• Allow to cool for a few minutes on a wire rack before removing from the tin
  • Allow the bread to remain on the wire rack to cool slightly before serving
  • Serve plain or with a spread of butter or sugar-free nut butter

If you have any leftover bread, store it in an airtight container in the fridge. It can be stored there for up to 1 week. You can also choose to freeze the bread in individual portions and then defrost before using.

*This recipe will need to be adapted should your child have an allergy to any of the ingredients listed above.

*Never leave your child unsupervised while eating.

Healthy Holiday Snacking

Going on holiday generally means that routines and good habits take a backseat, and the taboos that were frowned upon all year sneak their way into the family festivities. Meals are no exception but there are some small things that you can do to ensure that your little munchkin is getting some solid nutrition between all the ice cream cones and hot dogs:

  • Plan ahead: although the words ‘planning’ and ‘holiday’ don’t necessarily gel, a little pre-thought will go a long way in stocking up your fridge, cooler bag or handbag with healthy and nutritious foods that are easy to serve up wherever you go. Pre-empting that your little one is more than likely to get bored in the car or plane on your journey, make sure you have enough entertainment on hand in the form of a variety of delicious snack choices.
  • Tools for freshness: pack a cooler bag and a few ice packs so that you don’t have an excuse not to have anything healthy on-hand. If you would rather not schlep a clunky cooler box around, look out for the fabric varieties that could double as a grocery bag/travel/beach bag.
  • Store it: instead of feeling as though you would rather avoid the mess of leftovers and debris after packaging has been opened, throw a few small storage containers and package clips (or even clothes pegs) into your packing. By doing so, you’ll have a smart way of separating serving portions and keeping leftovers intact.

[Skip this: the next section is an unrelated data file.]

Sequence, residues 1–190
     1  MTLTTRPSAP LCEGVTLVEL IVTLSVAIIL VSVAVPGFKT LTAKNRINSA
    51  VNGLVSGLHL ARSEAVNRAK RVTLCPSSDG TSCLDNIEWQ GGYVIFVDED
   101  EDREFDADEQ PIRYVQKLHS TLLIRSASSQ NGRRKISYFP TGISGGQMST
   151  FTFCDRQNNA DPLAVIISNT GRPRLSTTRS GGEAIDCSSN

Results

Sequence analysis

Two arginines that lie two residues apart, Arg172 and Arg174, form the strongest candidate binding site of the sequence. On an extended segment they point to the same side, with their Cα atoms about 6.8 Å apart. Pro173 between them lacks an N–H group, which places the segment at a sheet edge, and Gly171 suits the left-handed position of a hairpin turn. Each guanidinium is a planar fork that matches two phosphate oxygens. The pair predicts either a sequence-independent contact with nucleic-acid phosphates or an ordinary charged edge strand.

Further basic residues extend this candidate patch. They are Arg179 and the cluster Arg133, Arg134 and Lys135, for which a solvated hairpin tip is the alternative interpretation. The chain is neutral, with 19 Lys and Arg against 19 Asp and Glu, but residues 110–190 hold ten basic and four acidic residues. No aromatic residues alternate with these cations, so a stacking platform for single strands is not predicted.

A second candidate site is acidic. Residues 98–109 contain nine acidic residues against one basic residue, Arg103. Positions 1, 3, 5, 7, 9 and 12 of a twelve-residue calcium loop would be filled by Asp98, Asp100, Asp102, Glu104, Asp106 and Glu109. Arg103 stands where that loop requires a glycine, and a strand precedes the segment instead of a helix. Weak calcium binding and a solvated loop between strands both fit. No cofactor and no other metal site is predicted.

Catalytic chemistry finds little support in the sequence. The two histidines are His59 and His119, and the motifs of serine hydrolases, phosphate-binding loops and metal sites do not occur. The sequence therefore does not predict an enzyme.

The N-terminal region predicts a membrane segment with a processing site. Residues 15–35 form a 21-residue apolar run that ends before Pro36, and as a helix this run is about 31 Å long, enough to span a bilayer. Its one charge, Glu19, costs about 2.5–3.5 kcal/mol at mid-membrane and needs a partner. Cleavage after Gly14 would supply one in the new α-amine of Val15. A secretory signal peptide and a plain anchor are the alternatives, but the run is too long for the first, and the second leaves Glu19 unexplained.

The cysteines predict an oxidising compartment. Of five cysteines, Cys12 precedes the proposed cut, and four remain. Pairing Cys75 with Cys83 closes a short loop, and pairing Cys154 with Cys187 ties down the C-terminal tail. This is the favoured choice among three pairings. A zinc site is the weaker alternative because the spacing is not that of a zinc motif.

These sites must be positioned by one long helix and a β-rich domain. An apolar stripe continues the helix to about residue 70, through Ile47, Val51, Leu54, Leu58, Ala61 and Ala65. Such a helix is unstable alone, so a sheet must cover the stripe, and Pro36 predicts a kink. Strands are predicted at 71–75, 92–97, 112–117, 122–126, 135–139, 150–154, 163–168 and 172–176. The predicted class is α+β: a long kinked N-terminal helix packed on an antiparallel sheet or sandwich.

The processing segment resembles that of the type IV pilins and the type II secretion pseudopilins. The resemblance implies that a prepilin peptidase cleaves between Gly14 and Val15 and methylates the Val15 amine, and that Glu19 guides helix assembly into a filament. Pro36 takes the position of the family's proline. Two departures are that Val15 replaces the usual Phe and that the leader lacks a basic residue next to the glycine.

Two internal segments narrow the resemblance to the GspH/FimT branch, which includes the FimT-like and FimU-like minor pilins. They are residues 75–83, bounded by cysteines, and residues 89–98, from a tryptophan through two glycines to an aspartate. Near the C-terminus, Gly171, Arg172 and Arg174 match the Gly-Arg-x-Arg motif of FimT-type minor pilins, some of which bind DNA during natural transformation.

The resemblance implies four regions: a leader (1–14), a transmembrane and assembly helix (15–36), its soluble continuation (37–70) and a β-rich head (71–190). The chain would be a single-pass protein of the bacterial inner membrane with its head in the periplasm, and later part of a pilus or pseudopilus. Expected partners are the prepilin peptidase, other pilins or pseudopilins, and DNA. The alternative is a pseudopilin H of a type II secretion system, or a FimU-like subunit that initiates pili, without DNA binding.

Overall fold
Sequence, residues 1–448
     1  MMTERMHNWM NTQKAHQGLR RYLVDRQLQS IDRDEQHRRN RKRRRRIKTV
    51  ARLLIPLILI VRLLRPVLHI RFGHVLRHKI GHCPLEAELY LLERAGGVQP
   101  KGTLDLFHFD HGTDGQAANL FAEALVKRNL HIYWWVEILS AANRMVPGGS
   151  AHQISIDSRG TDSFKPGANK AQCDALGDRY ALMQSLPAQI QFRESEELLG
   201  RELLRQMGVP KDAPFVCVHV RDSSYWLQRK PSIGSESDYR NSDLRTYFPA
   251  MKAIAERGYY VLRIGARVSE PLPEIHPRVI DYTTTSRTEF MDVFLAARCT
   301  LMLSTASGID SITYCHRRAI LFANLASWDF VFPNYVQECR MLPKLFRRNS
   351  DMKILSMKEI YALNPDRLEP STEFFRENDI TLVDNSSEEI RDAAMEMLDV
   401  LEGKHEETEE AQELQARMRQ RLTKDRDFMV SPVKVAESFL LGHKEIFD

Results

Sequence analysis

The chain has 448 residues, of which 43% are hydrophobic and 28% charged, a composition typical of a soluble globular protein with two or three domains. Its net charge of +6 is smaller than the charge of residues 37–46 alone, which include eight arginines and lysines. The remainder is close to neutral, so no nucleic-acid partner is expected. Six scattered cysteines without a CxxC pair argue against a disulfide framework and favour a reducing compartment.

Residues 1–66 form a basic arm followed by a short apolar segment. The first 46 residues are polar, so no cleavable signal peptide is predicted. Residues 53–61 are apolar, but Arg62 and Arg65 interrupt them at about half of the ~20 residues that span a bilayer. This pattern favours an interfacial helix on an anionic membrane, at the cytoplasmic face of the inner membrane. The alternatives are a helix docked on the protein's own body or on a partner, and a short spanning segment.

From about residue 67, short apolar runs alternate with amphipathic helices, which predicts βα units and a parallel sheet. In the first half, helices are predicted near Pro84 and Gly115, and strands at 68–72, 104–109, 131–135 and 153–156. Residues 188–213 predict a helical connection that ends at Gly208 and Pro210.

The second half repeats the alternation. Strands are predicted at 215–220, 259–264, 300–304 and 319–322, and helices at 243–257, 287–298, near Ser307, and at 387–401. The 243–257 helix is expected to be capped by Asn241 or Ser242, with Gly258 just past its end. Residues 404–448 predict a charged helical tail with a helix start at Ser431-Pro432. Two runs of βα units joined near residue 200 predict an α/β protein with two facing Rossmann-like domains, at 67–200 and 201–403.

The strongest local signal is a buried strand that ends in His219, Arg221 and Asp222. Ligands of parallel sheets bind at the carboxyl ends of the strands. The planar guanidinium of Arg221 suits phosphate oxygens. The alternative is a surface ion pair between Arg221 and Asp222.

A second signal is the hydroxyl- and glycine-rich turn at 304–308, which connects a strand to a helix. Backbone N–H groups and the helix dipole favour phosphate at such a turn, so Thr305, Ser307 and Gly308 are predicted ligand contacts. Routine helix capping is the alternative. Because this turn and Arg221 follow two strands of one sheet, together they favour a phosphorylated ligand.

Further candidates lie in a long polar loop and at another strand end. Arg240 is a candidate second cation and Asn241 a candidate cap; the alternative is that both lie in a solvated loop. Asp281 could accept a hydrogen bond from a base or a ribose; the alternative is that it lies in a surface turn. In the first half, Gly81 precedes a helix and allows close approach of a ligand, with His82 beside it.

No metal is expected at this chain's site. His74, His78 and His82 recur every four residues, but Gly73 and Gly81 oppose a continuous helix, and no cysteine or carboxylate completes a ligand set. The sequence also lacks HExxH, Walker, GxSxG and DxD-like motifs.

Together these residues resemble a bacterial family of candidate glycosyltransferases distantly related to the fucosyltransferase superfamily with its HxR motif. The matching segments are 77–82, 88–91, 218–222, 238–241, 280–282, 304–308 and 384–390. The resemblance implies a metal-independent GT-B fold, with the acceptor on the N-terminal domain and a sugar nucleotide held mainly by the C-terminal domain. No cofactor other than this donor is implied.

• Be practical: look for those products that are re-sealable and easy to serve straight from the packaging, and those snacks that won’t make an unholy mess! Pre-packing portions of snacks into single servings (packets or containers) will make it easier to hand snacks out when the time comes.

Here is some healthy snack inspiration to keep in mind when doing your holiday grocery shopping:

  • Fresh delights: look out for fresh fruits that are easy to eat (naartjies, grapes, strawberries, blueberries) or ready cut-up fruit and veg options to make life even easier. For more mess-free options, opt for slithers of apples, banana, strawberries and pears, or carrot and cucumber battons.
  • Skewer it: to keep little hands busy, skewer an array of mixed fruit pieces –  like banana, apple, strawberries, kiwi, pineapple- onto a skewer stick (look for blunt-ended sticks). Store these in your cooler bag for a playful and delicious treat!
  • Dried goodness: dried fruit is such a simple snack to store and dish out easily on-the-go, just don’t overdo it or your little one may end up with a sore tummy.
  • Stack it: what’s a family holiday without some home-made sarmies? Opt for wholewheat, rye and low GI options and get creative with fillings, cutting each sandwich into fingers to hand out to little people with ease. Some healthy fillings include; sugar-free nut butter and banana; egg mayo; chicken mayo; cold meat with cucumber and tomato; smashed avocado and lemon juice.
  • Meaty treats: biltong sticks and dried wors serve as a healthy, high-protein snack for the whole family. Remember to store dried meat in an airtight container once removed from the packaging (note that biltong can be high in salt, so ensure that your little one is hydrated if they are eating it and limit portions).
  • Fuss-free nibbles: Rice crackers are fantastic to keep on-hand to eat plain, add a topping to or to dunk into a dip. Dried cereal is also super easy to hand out – preferably look out for options that aren’t loaded with sugar (retailers like Woolworths keep a kiddies’ cereal range that has no added cane sugar). Organic toddler snacks (look out for awesome products from Happy Baby and Olli) also make for a fantastic healthy snack.